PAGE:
The era of predicting and preventing “future crime,” a concept popularized in the film “Minority Report,” is upon us.
A new collaboration between a University of California Riverside sociologist and the Indio, California, Police Department uses historical data to predict where burglaries are most likely to occur. In other words, they built a computer model that tells the police department where crime is probably going to happen.
In the first nine months of 2013, the Indio police department actually dispatched police according to the computer model’s predictions of where thefts would occur by census block. Observers think that the program worked: Burglaries are 8 percent lower so far this year compared to the same time period last year.
Professor Robert Nash Parker and Indio Police Chief Richard P. Twiss used 10 years of police department data and records to to inform the computer model.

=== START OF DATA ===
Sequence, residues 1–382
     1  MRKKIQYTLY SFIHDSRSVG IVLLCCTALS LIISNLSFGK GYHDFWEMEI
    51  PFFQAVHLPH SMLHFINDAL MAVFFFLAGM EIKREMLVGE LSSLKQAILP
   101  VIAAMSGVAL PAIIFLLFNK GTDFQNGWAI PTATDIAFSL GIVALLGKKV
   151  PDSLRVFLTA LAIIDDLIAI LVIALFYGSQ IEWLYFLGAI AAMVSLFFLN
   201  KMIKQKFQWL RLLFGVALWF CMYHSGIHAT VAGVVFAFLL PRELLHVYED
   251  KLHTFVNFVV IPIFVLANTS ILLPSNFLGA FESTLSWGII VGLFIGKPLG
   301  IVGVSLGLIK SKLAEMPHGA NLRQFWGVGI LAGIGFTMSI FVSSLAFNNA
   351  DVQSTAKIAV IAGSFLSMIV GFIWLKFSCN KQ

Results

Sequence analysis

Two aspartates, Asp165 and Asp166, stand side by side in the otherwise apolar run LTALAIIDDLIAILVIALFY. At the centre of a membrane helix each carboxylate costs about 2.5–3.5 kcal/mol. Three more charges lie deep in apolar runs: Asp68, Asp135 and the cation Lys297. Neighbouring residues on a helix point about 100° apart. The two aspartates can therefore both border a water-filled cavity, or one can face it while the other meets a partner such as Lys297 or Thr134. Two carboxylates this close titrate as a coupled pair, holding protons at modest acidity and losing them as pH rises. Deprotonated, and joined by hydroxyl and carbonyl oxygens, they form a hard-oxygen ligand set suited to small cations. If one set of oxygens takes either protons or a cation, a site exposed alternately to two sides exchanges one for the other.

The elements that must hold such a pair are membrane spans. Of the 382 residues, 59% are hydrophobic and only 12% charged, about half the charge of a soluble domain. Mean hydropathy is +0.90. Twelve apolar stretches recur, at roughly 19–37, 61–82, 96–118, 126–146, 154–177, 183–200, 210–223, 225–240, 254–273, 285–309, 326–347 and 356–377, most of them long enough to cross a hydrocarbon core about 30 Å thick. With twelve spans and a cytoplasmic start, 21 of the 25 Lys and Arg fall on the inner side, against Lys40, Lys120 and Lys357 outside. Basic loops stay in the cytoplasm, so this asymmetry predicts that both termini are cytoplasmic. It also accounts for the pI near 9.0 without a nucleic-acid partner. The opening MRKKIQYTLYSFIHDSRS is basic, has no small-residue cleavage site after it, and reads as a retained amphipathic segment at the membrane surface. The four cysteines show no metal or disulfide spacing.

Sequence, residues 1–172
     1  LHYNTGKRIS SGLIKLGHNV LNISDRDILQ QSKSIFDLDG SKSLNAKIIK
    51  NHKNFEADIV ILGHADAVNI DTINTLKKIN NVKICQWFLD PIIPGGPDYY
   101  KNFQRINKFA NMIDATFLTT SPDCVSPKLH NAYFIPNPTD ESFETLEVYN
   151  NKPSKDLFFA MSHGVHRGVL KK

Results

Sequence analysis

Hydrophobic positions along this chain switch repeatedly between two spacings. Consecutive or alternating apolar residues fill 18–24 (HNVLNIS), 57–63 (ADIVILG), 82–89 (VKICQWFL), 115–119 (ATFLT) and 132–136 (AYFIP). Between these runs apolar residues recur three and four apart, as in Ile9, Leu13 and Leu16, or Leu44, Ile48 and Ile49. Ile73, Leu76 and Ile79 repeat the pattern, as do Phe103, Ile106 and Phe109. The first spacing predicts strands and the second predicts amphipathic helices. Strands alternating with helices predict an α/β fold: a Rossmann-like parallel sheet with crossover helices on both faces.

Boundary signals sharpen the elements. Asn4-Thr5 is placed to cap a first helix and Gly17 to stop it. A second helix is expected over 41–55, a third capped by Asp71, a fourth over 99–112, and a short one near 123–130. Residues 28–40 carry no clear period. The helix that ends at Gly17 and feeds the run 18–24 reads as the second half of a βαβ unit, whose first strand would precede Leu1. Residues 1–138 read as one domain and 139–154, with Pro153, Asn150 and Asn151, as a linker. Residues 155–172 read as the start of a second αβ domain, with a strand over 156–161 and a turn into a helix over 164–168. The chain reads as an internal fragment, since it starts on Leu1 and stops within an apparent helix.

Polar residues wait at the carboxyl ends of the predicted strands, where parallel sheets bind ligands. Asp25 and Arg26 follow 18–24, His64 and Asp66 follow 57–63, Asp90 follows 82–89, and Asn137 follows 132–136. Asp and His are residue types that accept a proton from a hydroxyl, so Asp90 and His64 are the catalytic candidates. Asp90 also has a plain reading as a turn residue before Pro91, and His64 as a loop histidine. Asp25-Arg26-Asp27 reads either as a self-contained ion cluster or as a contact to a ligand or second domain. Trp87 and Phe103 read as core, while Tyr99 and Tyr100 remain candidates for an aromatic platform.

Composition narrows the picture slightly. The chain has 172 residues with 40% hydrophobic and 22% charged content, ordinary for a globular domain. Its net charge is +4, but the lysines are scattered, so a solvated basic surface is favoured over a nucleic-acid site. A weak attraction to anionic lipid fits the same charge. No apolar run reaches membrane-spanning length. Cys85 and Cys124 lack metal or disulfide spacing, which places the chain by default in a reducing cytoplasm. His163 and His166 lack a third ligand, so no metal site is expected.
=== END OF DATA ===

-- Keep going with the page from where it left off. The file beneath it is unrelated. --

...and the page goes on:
The most interesting finding from the project is the connection between truancy and burglaries.
“This is still cutting-edge and experimental,” Parker told the website Phys.org. “Big data gives you statistical power to make these kinds of predictions. It makes it possible for us to anticipate crime patterns, especially hot spots of crime, which allows law enforcement agencies to engage in targeted prevention activities that could disrupt the cause of crime before the crime happens.”
“We are deploying people differently and doing more community outreach,” Chief Twiss told Phys.org. “We discuss in briefing those areas that are being impacted. We had our crime analyst put maps together a few months ago based on trends we were seeing and we did pro-active patrols in those areas. Instead of having to respond to past crimes our arrests went up and instances of theft were reduced. We want to produce real-time, weekly hotspot maps that will predict patterns and trends. That’s the direction we’re heading.”